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Oppenheim's International Law - Volume 1 Peace, 9th Edition edited by Jennings, Robert; Watts KCMG QC, Arthur (19th June 2008)

Part 2 The objects of international law, Ch.6 The high seas, Fisheries on the High Seas

Sir Robert Jennings qc, Sir Arthur Watts kcmg qc

From: Oppenheim's International Law: Volume 1 Peace (9th Edition)

Edited By: Robert Jennings, Arthur Watts KCMG QC

From: Oxford Public International Law (http://opil.ouplaw.com). (c) Oxford University Press, 2015. All Rights Reserved. Subscriber: null; date: 15 December 2018

Subject(s):
High seas — Fisheries — Marine living resources

Fisheries on the High Seas

Garcia Amador, The Exploitation and Conservation of the Resources of the Sea (2nd ed, 1959) Bishop, Col Law Rev, 62 (1962), pp 1206–29 Gros, Hag R, 97 (1959), ii, pp 1–89 Alexander, The Law of the Sea (series of essays, 1967) Koers, The Enforcement of Fisheries Agreements on the High Seas: A Comparative Analysis of International State Practice (1970); International Regulations of Marine Fisheries: A Study of Regional Fisheries Organisations (1973); and The International Regulation of Fisheries (1974) Lyster, International Wildlife Law (1985) Birnie, International Regulation of Whaling: From Conservation of Whaling to Conservation of Whales and Regulation of Whaling (1985) Birnie, The Role of Law in Protecting Marine Mammals in Ambio (1986), a journal of the Royal Swedish Academy of Science Fleischer, Hag R, 209 (1988), (p. 756) ii, pp 95–222 Hey, The Regime for the Exploitation of Transboundary Marine Fisheries Resources (1989) Oda, International Control of Sea Resources (1963, reprint with new introduction 1989) Freestone, The North Sea: Basic Legal Documents on Regional Environmental Cooperation (1991).

§ 306  Fishing as a high seas freedom

In customary international law, in the Geneva Convention on the High Seas, and in Part VII of the Convention on the Law of the Sea 1982, fishing on the high seas is recognised as one of the ‘freedoms’ which it is a principal purpose of the high seas legal regime to define and to protect. This freedom of high seas fisheries1 was seemingly put beyond doubt by the celebrated Behring Sea Fur Seals Arbitration Award (1893).2 This arose from a dispute between Great Britain and the United States of America regarding the seizure by the United States of British vessels from British Columbia engaged in fur seal fishing in the Behring Sea outside United States territorial waters. The Award rejected a claim by the United States to have the capacity to enforce, against British vessels on the high seas, regulations intended to protect and conserve the endangered species of fur seals. Nevertheless, the tension between freedom to fish and the evident need for means of implementing conservation regulations, so dramatically illustrated in the Behring Sea case, is the key to a series of developments and changes which continued throughout the 20th century. There is no legal difficulty about states devising and enforcing desirable regulations, on the high seas, against vessels bearing their own nationality and flag. But unless the state concerned enjoys for one reason or another a monopoly of a particular fishing area of the high seas, such regulations are not likely to be politically or economically acceptable unless other states concerned with the same fishery can agree suitable regulations by treaty, possibly also conferring upon each other the power of enforcement against each other’s vessels.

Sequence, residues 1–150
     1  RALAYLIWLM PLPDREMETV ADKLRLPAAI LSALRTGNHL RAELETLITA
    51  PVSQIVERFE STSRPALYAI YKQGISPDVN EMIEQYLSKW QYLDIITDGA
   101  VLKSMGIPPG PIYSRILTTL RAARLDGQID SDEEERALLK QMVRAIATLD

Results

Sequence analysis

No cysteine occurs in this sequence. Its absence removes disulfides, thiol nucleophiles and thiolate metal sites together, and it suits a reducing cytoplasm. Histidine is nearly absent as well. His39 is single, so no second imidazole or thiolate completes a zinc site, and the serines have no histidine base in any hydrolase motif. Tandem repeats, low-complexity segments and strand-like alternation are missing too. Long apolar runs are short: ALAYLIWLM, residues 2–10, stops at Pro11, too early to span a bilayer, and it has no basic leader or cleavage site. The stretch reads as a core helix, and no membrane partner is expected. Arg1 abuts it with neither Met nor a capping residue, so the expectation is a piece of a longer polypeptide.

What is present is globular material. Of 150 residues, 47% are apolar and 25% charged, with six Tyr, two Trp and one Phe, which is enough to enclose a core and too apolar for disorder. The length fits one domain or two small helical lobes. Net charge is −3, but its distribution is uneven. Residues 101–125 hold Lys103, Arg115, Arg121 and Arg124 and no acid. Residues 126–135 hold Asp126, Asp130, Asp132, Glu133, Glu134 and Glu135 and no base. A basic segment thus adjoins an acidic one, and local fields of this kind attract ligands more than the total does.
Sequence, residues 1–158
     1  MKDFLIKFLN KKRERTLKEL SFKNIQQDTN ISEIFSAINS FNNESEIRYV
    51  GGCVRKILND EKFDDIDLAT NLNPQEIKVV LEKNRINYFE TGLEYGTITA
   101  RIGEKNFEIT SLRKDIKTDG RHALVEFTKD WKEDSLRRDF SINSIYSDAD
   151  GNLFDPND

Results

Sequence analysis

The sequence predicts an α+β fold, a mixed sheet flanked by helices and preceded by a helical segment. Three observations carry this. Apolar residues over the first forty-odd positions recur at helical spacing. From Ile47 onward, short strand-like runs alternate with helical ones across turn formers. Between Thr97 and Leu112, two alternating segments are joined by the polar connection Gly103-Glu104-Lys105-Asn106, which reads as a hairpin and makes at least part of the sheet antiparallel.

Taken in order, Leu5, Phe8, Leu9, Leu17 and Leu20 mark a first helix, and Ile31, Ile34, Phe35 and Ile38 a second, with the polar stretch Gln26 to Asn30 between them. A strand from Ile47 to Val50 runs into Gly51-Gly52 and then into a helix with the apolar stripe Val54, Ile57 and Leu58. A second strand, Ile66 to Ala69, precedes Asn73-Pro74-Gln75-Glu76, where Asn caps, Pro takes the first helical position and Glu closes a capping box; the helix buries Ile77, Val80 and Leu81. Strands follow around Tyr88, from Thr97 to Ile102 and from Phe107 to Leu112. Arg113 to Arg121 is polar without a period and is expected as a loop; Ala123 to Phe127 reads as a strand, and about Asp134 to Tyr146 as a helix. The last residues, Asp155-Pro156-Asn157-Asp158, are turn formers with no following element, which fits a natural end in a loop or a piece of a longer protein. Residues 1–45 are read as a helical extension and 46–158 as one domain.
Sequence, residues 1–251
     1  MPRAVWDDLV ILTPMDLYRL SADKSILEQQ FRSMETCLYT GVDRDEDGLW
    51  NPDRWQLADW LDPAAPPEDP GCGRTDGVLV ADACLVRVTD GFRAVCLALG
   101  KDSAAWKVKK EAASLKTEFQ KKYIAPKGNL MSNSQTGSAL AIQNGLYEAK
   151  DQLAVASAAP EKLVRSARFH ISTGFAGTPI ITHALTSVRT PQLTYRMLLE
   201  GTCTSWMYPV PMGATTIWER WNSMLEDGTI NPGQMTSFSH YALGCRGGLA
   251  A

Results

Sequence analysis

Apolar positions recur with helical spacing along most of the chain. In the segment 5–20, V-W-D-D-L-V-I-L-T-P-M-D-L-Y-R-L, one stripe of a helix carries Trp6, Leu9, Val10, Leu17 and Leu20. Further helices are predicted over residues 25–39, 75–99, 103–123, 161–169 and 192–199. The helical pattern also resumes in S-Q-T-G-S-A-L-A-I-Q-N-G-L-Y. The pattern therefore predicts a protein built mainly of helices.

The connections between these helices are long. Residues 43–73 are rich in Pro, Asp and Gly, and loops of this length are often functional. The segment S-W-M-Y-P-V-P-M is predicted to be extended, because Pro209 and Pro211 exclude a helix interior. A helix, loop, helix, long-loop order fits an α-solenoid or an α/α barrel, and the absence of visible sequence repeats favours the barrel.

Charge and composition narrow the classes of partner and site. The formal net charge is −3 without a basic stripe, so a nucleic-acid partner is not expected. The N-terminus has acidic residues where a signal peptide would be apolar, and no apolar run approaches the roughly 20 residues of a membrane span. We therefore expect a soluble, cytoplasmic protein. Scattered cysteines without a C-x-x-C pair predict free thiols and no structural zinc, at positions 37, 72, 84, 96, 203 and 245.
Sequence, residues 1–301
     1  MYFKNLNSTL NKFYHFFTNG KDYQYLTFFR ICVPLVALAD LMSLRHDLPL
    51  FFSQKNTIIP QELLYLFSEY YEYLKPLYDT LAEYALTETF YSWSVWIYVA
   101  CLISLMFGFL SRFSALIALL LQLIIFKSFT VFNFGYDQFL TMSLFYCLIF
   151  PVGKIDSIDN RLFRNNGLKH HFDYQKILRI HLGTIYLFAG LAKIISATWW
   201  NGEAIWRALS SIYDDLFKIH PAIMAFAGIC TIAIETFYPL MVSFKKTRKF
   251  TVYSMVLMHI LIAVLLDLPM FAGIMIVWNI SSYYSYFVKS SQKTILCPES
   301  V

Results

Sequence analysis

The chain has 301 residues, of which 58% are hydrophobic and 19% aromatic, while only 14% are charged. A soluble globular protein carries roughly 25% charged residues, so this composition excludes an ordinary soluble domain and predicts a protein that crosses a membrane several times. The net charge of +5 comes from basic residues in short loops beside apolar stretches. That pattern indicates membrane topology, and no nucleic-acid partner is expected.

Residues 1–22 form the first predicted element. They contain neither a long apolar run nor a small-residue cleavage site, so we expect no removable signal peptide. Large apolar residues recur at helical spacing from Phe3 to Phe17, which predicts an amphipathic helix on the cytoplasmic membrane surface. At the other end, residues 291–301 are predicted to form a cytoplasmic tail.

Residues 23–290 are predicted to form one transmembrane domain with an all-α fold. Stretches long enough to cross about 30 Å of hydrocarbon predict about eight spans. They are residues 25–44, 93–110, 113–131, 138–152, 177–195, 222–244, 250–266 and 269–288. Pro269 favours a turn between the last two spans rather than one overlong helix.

Accordingly, there have been two main lines of development of the law. First, there have been modifications, brought about mainly by treaty, and especially regional treaties, in the law governing high seas fisheries. But, secondly, and particularly in the decades following the end of the Second World War, there have been important extensions of national, and eventually also exclusive, fishing jurisdiction by coastal states in the shape of fishing, or so-called exclusive economic, zones extending up to 200 miles from territorial sea baselines. It will be convenient to deal with the extensions of coastal state jurisdiction in a separate chapter below,3 and to limit the present discussion to the basic high seas law.